I heard some excellent commentary on the news today from a very wise listener who pointed out that we don’t see anyone regularly challenge to whom the Physics prize is awarded or to whom the Economics prize is awarded, or to whom the Chemistry prize is awarded, or to whom the Literature prize is awarded, from their armchairs, as though they’re more qualified than the Swedish Academy. If people are so concerned with and believe so strongly that he didn’t deserve the prize, I think they should match wits against the academy. Oh, they won’t? Of course not – that would require having a spine to back up your assertions.

Obama has a hard road in making those dreams anything like reality and accomplishing any of those lofty, heavy-handed goals, but the fact that he’s made them look reasonable and possible, and the fact that he’s managed to align so many people in so many places in support of them is itself more than remarkable. If anything, he has been a unifying figure both abroad and at home, something that in and of itself given the state of the world before he took the stage, is deserving of accolades. That is an accomplishment worthy of praise.

30 GOP Senators Vote to Defend Gang Rape

The title isn’t hyperbole, and it’s not false. It’s absolutely true. 30 senators, mostly White, Republican, men, voted to protect corporations “rights” and financial interests rather than women from being gang raped. The measure passed regardless, and as much as the senators who voted this way can whine about how it was an amendment attached to a defense authorization bill (which frankly, I think it absolutely should have been because it dealt specifically with defense contractors and their legal accountability – if you’re going to authorize the money to pay for them, you should be able to make the rules that police them) but we all know that these men wouldn’t have voted for the bill even if it were stand-alone and made it through hours upon hours of committee and floor debate.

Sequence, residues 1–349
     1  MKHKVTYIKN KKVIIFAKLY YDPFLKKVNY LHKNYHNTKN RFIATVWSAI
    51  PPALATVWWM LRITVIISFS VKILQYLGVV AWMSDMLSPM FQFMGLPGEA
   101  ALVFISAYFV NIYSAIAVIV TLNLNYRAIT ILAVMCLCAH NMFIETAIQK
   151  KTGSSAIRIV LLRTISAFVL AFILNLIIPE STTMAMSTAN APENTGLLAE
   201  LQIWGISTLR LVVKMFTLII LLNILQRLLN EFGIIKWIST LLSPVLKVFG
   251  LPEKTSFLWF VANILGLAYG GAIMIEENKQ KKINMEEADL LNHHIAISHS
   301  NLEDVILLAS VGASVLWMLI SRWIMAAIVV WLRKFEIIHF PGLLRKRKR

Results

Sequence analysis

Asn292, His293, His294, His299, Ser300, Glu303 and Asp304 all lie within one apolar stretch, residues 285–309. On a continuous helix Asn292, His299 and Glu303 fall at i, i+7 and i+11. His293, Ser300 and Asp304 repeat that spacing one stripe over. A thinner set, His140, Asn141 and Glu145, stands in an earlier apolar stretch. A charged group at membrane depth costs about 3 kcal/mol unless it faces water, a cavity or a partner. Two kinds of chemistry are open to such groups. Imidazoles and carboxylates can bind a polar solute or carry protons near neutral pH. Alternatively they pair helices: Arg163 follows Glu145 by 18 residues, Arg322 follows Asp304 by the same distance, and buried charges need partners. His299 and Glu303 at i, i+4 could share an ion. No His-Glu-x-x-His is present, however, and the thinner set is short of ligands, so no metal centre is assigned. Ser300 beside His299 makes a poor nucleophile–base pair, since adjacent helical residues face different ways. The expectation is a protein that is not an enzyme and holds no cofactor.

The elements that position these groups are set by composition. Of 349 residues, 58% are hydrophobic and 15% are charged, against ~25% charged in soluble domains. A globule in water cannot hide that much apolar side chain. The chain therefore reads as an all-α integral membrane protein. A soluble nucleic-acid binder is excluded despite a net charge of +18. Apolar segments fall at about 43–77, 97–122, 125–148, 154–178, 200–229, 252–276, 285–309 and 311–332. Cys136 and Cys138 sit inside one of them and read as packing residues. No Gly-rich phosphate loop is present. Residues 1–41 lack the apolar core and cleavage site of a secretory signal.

So then, here’s the scoop, lifted from MyDD.com:

It is stunning that 30 Republican members of the United States Senate would vote to protect a corporation, in this case Halliburton/KBR, over a woman who was gang raped. The details from Think Progress:

In 2005, Jamie Leigh Jones was gang-raped by her co-workers while she was working for Halliburton/KBR in Baghdad. She was detained in a shipping container for at least 24 hours without food, water, or a bed, and “warned her that if she left Iraq for medical treatment, she’d be out of a job.” (Jones was not an isolated case.) Jones was prevented from bringing charges in court against KBR because her employment contract stipulated that sexual assault allegations would only be heard in private arbitration.

Offering Ms. Jones legal relief was Senator Al Franken of Minnesota who offered an amendment to the 2010 Defense Appropriations bill that would withhold defense contracts from companies like KBR “if they restrict their employees from taking workplace sexual assault, battery and discrimination cases to court.”

Seems simple enough. And yet, to GOP Senator Jefferson Beauregard Sessions of Alabama allowing victims of sexual assault a day in court is tantamount to a “political attack” at Halliburton. That 29 others, all men, chose to join him in opposing the Franken amendment is simply mind-boggling.

In the debate, Senator Sessions maintained that Franken’s amendment overreached into the private sector and suggested that it violated the due process clause of the Constitution.